Corporate governance and voluntary disclosures in annual reports: a post-International Financial Reporting Standard adoption evidence from an emerging capital market

Published date23 March 2022
Date23 March 2022
Subject MatterAccounting & finance,Accounting/accountancy,Accounting methods/systems
AuthorRichard Nana Boateng,Vincent Tawiah,George Tackie
Corporate governance and
voluntary disclosures in annual
reports: a post-International
Financial Reporting Standard
adoption evidence from an
emerging capital market
Richard Nana Boateng
DCU Business School, Dublin City University, Dublin, Ireland and
Department of Accounting Studies, Akenten Appiah-Menka University of Skills
Training and Entrepreneurial Development, Kumasi, Ghana
Vincent Tawiah
DCU Business School, Dublin City University, Dublin, Ireland, and
George Tackie
UCC Business School, University of Cape Coast, Cape Coast, Ghana
Purpose The purpose of this paper is to provide an empirical evidence concerning the inuence of
Corporate governance and voluntarydisclosures in annual reports: a post-International Financial Reporting
Standardsadoption evidence from an emerging capital market.
Design/methodology/approach Data were collected from the annual reports of all 22 listed non-
nancial rms over a ve-year period. Using contentanalysis, the audited annual reports of the rms were
scored on the extent of overalland four specic types of voluntary disclosures made. The panel data obtained
were analyzedusing a generalized ordinary least squares regressionmodel.
Findings The ndings of the study showthat voluntary disclosures among the rms are low even after
the adoption of IFRS. Corporate governance attributes of board size and board leadership structure are
signicant determinants of the extent of voluntary disclosures made by the rms. However, board
independence and auditor typeexhibit only a signicant positive effect on voluntary nancial and forward-
lookinginformation disclosures.
© Richard Nana Boateng, Vincent Tawiah and George Tackie. Published by Emerald Publishing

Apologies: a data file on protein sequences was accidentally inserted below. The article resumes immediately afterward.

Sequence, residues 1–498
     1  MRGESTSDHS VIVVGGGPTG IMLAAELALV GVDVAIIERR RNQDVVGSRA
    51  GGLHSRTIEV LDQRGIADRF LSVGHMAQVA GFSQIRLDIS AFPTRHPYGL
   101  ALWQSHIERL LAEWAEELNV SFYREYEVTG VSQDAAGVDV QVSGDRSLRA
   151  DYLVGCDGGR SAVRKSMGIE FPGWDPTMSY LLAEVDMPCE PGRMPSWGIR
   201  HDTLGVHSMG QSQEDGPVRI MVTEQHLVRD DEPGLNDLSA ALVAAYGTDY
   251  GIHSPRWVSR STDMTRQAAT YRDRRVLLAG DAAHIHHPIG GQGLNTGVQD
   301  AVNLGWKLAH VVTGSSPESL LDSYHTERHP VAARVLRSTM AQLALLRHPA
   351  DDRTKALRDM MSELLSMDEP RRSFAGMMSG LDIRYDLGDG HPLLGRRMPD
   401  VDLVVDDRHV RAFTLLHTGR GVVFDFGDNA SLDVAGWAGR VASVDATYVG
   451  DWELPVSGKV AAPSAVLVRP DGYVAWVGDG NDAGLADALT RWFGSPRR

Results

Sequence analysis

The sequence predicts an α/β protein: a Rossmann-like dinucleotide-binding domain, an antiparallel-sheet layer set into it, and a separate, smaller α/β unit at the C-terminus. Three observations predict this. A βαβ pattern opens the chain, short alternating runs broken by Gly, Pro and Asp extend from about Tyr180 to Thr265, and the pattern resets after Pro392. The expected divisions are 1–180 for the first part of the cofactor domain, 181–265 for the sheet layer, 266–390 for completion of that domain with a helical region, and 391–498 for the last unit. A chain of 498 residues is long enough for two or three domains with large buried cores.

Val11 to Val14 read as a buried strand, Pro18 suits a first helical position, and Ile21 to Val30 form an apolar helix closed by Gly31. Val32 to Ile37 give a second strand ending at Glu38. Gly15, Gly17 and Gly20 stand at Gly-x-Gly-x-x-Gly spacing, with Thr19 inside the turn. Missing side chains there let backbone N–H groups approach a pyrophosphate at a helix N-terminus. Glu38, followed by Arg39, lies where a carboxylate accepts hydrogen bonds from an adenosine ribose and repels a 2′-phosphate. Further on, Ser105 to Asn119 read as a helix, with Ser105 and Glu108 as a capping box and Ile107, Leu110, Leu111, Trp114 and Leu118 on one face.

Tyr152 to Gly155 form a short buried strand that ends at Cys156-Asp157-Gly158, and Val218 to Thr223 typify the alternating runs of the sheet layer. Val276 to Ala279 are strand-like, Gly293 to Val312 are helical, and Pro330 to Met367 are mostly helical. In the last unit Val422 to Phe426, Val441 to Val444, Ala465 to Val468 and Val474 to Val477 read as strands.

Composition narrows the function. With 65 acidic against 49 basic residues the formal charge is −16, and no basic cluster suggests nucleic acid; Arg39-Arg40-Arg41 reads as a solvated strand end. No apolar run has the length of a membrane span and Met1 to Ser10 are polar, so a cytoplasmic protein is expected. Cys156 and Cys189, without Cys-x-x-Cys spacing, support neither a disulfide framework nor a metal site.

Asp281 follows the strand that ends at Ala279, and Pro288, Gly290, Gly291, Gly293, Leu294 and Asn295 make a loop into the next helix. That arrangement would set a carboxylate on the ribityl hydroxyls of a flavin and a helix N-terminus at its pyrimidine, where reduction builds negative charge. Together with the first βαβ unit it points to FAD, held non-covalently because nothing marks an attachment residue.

Limited. This is published under the Creative Commons Attribution (CC BY 4.0) licence. Anyone may
reproduce, distribute, translate and create derivative works of this article (for both commercial and
non-commercial purposes), subject to full attribution to the original publication and authors. The full
terms of this licence may be seen at
The authors acknowledge the inputs of several academics across the globe, who provided very
useful criticisms during conferences and have been instrumental in bringing this paper to its current
state. A special acknowledgment to Dr Otuo Serebour Agyemang (deceased) for his inspiration and
motivation in starting and completing an earlier draft of this paper.
Conict of interest statement: On behalf of all authors, I, Richard Nana Boateng (corresponding
author), state that there is no conict of interest.
Received29 October 2021
Revised25 January 2022
Accepted9 February 2022
InternationalJournal of
Accounting& Information
Vol.30 No. 2, 2022
pp. 252-276
EmeraldPublishing Limited
DOI 10.1108/IJAIM-10-2021-0220
The current issue and full text archive of this journal is available on Emerald Insight at:
Research limitations/implications Firmsvoluntary information disclosure and governance
variables were restrictedto those in annual reports, which may partially reectthe reality of rmsdisclosure
and governancepractices.
Practical implications The present study offers useful insightsto regulators of the capital market to
strengthen monitoringof rms to ensure strict adherence to corporate governance bestpractice guidelines as